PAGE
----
Educate consumers. Levi’s conducted a study in 2015 on the life cyle of a jean and found that consumer care is the primary driver of Levi’s climate change impact and that washing a product 10 times it’s worn instead of every 2 times reduces energy use, climate change impact, and water intake by up to 80%[8]. While the study was produced in 2015, no major advertisments capitalized on the Water<Less™ campaign. Educating consumers will serve a twofold mission of both reducing climate change impact and driving sales. The Chief Sustainability Officer of Levi’s noted: “It’s certainly a competitive advantage if you communicate it properly to the consumer, and it’s something that consumers are more and more aware of and want[9]

Consumer care is the primary driver of climate change impact
Consumer care is the primary driver of climate change impact


As one writer described: “If “green” is the darling of eco-marketing, then “climate-friendly” is the egghead sister that no one wants to date. People don’t want to be saddled with the world’s problems when they are out buying jeans. In fact, consumer brands are more likely to risk alienating politically conservative consumers than they stand to gain in boosting sales for demonstrating leadership in corporate responsibility[10]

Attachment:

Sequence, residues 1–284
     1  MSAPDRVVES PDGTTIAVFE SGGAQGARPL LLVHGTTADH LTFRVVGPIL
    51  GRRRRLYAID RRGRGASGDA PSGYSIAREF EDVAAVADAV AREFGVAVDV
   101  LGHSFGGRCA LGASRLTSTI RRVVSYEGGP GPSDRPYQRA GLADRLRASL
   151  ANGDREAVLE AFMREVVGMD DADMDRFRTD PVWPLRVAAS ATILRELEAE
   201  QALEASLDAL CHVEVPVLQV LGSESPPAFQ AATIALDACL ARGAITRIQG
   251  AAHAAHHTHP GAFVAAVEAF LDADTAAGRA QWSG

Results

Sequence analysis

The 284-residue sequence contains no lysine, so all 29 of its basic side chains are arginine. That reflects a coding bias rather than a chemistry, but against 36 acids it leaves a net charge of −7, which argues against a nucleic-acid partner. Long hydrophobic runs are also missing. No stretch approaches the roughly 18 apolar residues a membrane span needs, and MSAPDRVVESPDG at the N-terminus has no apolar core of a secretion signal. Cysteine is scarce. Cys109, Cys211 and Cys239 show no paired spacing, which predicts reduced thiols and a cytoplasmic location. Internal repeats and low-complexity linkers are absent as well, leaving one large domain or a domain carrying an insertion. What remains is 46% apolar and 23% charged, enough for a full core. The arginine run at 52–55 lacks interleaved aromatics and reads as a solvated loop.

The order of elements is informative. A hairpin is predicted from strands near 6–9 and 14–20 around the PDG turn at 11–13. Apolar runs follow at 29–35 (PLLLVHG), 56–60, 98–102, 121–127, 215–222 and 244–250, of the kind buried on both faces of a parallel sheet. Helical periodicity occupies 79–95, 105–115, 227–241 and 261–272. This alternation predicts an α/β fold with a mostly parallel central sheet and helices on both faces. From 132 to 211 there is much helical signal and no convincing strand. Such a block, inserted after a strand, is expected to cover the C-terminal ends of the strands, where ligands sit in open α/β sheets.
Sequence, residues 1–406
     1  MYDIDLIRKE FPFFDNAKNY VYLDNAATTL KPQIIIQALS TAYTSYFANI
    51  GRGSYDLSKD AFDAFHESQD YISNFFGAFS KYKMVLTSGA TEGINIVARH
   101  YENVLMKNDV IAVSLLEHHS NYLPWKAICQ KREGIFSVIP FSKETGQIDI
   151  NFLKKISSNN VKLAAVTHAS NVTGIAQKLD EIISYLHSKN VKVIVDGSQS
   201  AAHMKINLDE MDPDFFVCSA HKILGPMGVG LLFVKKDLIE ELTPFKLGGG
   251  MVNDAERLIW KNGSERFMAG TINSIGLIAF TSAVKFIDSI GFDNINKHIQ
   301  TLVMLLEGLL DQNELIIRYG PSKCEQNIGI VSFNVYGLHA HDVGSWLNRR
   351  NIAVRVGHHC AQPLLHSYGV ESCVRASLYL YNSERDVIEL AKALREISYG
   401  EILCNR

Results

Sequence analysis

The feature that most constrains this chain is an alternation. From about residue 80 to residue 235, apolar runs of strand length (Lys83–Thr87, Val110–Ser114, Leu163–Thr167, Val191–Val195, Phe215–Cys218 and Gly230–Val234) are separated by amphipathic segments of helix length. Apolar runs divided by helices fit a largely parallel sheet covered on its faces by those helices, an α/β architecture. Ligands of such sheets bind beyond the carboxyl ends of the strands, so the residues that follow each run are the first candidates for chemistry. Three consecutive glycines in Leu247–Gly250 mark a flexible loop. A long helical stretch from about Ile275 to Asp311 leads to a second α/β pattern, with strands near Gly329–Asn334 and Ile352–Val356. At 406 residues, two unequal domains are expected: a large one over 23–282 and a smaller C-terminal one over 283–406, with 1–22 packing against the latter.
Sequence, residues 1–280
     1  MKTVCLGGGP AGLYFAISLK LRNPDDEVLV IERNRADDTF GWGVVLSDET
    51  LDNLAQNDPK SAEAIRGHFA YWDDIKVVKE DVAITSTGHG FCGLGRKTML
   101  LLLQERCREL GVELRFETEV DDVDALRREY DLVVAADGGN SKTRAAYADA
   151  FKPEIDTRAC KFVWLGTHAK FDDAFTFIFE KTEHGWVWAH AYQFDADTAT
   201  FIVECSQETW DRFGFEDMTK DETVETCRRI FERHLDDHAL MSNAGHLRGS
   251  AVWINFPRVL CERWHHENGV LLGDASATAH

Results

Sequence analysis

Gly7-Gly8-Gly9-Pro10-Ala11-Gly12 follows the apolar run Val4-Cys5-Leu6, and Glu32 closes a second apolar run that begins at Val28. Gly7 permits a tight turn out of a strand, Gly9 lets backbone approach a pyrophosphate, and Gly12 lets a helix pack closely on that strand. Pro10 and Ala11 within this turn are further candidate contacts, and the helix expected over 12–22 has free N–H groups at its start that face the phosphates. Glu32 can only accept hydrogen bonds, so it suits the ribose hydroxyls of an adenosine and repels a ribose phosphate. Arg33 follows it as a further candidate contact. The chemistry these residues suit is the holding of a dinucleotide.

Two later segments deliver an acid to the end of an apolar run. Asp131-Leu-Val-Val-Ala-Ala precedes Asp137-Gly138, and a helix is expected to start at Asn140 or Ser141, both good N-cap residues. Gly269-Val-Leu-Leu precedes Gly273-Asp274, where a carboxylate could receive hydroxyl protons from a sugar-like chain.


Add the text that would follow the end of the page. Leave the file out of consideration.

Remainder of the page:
Will reaching consumers help or hurt their mission of driving sales and creating a better planet?


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[1] Levi Strauss & Co.. 2016. Planet – Climate Change – Sustainability. [ONLINE] Available at: [Accessed 4 November 2016].

[2] Levi Strauss & Co. Unzipped Blog . 2016. OUR LS&CO. DISTRIBUTION CENTER GOES LEED PLATINUM. [ONLINE] Available at: [Accessed 4 November 2016].

[3] Levi Strauss & Co. Unzipped Blog . 2016. OUR LS&CO. DISTRIBUTION CENTER GOES LEED PLATINUM. [ONLINE] Available at: [Accessed 4 November 2016].

[4] Levi Strauss & Co.. 2016. 2016 CARBON DISCLOSURE PROJECT CLIMATE CHANGE INFORMATION REQUEST. [ONLINE] Available at: [Accessed 4 November 2016].

[5] Levi Strauss & Co. 2016. MAKING STRIDES THROUGH THE BETTER COTTON INITIATIVE. [ONLINE] Available at: [Accessed 4 November 2016].

[6] Levi Strauss & Co.. 2016. Made of Progress . [ONLINE] Available at: [Accessed 4 November 2016

[7] Proquest Business Wire. 2015. Levi Strauss & Co. Reaches 1 Billion Liters of Water Saved Through Sustainability Initiatives; Releases New Environmental Impact Study on Apparel. [ONLINE] Available at: [Accessed 4 November 2016].

[8] Levi Strauss & Co.. 2015. The Life Cycle of a Jean: Understanding the environmental impact of a pair of Levi’s ® 501 ® jeans. [ONLINE] Available at: [Accessed 4 November 2016].

[9] Better Cotton Initiative. 2015. BCI and Levi Strauss & Co: Better Cotton is Good for Business. [ONLINE] Available at: [Accessed 4 November 2016].

[10] Triple Pundit: People, Planet, Profit / Mike Bellamente. 2012. Levi’s Quietly Announces Climate Change Strategy. [ONLINE] Available at: [Accessed 4 November 2016].









Even Goldman Sachs Cares About Climate Change